Are Online Rehearsals Beneficial?
Updated: Aug 29, 2020
Yes. Online rehearsals and lessons will never replace in-person instruction, but a well-organized Zoom session can still help students prepare music and grow as musicians.
In my experience teaching online rehearsals, the two biggest drawbacks are the lag time and diminished sound quality. A decent microphone and headphones can help some with sound quality, but your students will have a variety of different set-ups, ranging from phones to tablets to computers. Rarely will they have the Blue Yeti microphone that is on my wishlist.
Online rehearsals and sectionals must be run differently than in-person lessons to deal with the latency problem. Even with today’s technology, there is a time delay which makes playing as an ensemble simply not work. To circumvent this problem, when the students play together as a group, they actually must mute their mics when they play along with the instructor. Playing a reference recording of band music for the students can also be more fun for them than playing alone. After building their confidence with a little instruction and “group” playing, an instructor can listen to individuals to give helpful feedback.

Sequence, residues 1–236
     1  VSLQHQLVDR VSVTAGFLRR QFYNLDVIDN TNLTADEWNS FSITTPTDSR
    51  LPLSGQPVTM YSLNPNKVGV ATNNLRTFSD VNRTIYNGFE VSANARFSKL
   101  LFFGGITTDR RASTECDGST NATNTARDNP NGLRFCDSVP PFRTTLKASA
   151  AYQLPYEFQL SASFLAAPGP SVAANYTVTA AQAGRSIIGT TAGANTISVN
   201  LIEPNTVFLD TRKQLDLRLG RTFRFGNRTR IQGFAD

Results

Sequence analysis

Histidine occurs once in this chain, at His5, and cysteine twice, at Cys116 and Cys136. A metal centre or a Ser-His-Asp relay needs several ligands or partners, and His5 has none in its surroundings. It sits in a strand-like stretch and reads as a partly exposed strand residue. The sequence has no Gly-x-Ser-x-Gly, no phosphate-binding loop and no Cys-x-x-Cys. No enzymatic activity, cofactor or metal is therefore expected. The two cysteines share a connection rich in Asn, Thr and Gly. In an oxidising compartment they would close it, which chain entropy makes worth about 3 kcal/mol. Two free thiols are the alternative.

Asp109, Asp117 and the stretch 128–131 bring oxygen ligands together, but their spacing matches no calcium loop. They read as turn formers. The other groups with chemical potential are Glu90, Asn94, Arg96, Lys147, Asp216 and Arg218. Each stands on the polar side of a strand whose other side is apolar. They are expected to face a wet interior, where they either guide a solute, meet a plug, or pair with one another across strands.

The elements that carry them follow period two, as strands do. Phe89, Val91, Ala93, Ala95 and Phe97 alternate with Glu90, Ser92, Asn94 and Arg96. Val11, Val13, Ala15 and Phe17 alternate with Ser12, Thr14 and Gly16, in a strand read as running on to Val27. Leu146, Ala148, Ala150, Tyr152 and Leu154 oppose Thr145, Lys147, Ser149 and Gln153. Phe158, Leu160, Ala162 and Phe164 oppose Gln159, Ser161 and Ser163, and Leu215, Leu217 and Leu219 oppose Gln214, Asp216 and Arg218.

Email student materials ahead of time, and have pdfs ready to screen share when necessary.
Headphones/earbuds reduce unnecessary noise.
Be flexible; plan on a few minutes to get students situated.
Make sure students know how to mute their mics when you you are playing "together."
Use your metronome when playing with your muted group. Have individual students use their own metronomes when playing by themselves.
What you WON’T get out of an online rehearsal
You won’t get in-depth work on tone quality and phrasing. You won’t get to experience the musical conversation that takes place between musicians sitting next to each other in an ensemble. You won’t accomplish as much as you would during an in-person rehearsal or lesson. You definitely won’t teach them a field show.
What you CAN get from an online rehearsal
While online sectionals and lessons are less than ideal, sometimes they are necessary. Even though music students must be more self-reliant when in-person rehearsals aren’t possible, students can still work on fundamentals, they can still work their scales, they can still hone their sight-reading skills, and they can still prepare music. At a minimum, a sectional ensures that they have their horns in their faces and they have some instructional time with a teacher so they at least maintain their skills. In any type of online rehearsal, they can still feel a sense of connection to other band students and to their instructor.
As musicians, we must often be flexible and adapt to our circumstances. Online rehearsals shouldn't be a first choice, but they can work.